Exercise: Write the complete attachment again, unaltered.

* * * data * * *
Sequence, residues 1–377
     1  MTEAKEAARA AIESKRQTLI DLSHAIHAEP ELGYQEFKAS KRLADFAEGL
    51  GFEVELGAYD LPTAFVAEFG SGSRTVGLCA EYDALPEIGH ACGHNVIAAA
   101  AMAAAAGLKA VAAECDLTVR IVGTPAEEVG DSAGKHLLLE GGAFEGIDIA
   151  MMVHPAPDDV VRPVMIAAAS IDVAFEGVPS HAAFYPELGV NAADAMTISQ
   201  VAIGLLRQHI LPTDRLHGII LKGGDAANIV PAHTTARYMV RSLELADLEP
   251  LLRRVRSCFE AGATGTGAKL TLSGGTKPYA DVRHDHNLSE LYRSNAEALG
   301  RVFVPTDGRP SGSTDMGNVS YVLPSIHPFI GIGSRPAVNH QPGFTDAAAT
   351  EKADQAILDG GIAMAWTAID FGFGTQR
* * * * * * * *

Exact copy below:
Sequence, residues 1–377
     1  MTEAKEAARA AIESKRQTLI DLSHAIHAEP ELGYQEFKAS KRLADFAEGL
    51  GFEVELGAYD LPTAFVAEFG SGSRTVGLCA EYDALPEIGH ACGHNVIAAA
   101  AMAAAAGLKA VAAECDLTVR IVGTPAEEVG DSAGKHLLLE GGAFEGIDIA
   151  MMVHPAPDDV VRPVMIAAAS IDVAFEGVPS HAAFYPELGV NAADAMTISQ
   201  VAIGLLRQHI LPTDRLHGII LKGGDAANIV PAHTTARYMV RSLELADLEP
   251  LLRRVRSCFE AGATGTGAKL TLSGGTKPYA DVRHDHNLSE LYRSNAEALG
   301  RVFVPTDGRP SGSTDMGNVS YVLPSIHPFI GIGSRPAVNH QPGFTDAAAT
   351  EKADQAILDG GIAMAWTAID FGFGTQR